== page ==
Erie MetroParks commissioners agreed to pay Steve Dice, the district’s previous executive director, about $14,200 in one lump sum.
Dice should obtain the money sometime in January, park commissioner Kurt Landefeld said.
Area taxpayers owed Dice, who retired in June 2011, about $31,600 in unused sick and vacation time.
Up until this past week, park officials arranged a payment schedule in which Dice received small monthly increments of whatwas owed to him.
Dice, earning about $73,000 a year, quit 18 months before his contracted ended.
“The installment method was done due to the financial situation of the park at the time,” said Amy Bowman-Moore, the district’s executive director.
Bowman-Moore alluded to a financial fallout involving sky-high legal costs peaking when Dice resigned. Taxpayers fronted about $1 million from 1995 through 2011 on MetroParks’ legal costs.
Most of these costs resulted from Huron River Greenway litigation.
Former MetroParks officials unlawfully seized land belonging to about 35 River Road property owners to create the greenway, or a path running next to a river. But a 2007 Ohio Supreme Court ruling vindicated property owners while simultaneously scorning park officials for stealing their land.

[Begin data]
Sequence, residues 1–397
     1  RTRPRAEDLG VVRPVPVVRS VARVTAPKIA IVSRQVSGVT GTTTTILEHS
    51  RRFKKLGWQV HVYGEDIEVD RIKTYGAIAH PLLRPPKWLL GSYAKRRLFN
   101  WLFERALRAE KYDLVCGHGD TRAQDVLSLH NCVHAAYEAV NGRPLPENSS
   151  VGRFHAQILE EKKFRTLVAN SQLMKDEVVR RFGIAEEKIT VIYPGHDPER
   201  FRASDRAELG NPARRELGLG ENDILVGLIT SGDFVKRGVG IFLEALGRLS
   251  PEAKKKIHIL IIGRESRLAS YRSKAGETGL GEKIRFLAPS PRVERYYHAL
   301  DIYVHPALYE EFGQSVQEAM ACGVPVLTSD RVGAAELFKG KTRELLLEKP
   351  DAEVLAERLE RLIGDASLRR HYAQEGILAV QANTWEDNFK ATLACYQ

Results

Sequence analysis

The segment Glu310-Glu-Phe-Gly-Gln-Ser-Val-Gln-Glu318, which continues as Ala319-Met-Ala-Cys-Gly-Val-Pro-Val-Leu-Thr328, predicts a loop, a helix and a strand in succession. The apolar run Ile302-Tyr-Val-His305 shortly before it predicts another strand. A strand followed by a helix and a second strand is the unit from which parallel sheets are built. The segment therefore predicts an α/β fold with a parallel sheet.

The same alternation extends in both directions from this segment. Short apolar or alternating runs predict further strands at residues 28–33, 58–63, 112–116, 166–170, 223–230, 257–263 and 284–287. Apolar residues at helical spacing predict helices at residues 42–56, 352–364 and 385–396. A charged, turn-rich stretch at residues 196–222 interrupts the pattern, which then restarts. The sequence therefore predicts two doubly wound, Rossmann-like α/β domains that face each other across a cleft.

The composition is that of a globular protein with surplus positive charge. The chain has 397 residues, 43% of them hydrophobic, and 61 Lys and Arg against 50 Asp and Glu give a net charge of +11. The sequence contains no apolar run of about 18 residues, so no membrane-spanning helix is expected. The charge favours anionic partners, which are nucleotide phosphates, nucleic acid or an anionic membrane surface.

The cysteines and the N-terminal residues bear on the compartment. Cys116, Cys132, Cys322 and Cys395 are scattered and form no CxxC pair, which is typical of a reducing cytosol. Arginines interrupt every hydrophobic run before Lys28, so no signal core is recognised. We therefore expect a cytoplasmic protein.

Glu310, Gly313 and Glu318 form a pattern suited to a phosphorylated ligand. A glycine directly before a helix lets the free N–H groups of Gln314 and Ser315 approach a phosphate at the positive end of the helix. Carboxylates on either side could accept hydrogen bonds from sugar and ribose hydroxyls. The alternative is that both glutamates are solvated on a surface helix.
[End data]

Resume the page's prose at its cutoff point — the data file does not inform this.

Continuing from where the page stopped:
Judges demanded officials compensate homeowners for all the land they lost.
Homeowners, however, didn’t obtain their land back until fall 2011 — several months after Dice quit — when an agreement with the residents and park officials finally occurred.
The legal costs dried up MetroParks’ budget, causing employees to panic when Dice suggested laying off several employees in mid-2011.
Upon learning this, about two dozen employees signed a petition and submitted it to commissioners, calling for Dice to resign.
The former executive director also:
• Failed to obtain two building permits for the Children’s Enchanted Cottage. The reading centered then closed for about 18 months.
• Created $124,000 of “bogus revenue” in a previous budget after park commissioners demanded more cash carryover for a previous budget.
Fast forward to today, and the district’s financial outlook projects more favorably — mostly because of greenway-related litigation ending — allowing officials to fully payoff Dice.
The district’s budget hovers right around $1.8 million a year.
“That financial situation has improved, and a lump sum is now a more prudent way to pay Mr. Dice the money he has due to him” said Bowman-Moore, Dice’s successor.